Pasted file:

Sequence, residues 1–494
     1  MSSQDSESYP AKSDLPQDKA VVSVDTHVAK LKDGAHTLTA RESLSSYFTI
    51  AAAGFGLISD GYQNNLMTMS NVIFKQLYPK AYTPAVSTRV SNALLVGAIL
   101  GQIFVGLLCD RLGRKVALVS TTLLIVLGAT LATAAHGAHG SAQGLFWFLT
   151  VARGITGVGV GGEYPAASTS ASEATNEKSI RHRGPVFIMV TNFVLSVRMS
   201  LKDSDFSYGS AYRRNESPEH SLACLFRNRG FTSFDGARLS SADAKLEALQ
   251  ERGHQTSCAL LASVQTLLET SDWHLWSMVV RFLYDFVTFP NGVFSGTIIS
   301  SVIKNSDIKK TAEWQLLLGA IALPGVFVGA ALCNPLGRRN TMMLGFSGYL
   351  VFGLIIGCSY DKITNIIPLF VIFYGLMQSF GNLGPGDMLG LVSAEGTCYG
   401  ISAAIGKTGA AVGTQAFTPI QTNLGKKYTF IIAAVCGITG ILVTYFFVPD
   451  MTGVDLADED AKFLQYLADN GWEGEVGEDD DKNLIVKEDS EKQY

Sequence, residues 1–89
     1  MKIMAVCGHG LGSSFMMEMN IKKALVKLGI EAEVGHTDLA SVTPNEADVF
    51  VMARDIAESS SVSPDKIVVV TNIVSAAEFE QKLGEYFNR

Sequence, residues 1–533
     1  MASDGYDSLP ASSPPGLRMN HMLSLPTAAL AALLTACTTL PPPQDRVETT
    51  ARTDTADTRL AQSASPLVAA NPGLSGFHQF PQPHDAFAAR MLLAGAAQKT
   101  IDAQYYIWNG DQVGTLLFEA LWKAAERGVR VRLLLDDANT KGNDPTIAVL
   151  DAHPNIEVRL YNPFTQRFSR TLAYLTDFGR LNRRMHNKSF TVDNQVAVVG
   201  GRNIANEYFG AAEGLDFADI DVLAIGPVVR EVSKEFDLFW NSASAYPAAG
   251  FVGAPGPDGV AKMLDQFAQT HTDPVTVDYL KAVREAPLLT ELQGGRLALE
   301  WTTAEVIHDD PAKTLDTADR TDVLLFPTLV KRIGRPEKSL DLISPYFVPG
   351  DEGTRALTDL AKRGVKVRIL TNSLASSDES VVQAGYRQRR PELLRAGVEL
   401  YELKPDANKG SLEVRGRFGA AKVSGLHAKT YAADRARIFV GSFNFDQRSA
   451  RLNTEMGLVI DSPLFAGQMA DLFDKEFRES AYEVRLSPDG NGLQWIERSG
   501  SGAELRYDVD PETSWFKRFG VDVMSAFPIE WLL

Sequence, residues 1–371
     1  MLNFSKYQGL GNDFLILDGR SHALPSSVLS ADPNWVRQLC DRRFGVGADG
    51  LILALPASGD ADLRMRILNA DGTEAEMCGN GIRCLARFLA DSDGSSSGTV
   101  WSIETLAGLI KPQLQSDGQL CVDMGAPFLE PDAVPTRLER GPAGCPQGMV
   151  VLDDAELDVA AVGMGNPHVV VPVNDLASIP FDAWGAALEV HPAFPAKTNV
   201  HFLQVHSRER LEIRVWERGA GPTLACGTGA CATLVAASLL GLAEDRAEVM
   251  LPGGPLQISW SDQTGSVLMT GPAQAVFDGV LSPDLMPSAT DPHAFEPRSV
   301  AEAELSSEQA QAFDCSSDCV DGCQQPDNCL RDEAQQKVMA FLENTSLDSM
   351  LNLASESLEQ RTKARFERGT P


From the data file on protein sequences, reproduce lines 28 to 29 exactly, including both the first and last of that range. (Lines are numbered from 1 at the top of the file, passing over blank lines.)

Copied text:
     1  MLNFSKYQGL GNDFLILDGR SHALPSSVLS ADPNWVRQLC DRRFGVGADG
    51  LILALPASGD ADLRMRILNA DGTEAEMCGN GIRCLARFLA DSDGSSSGTV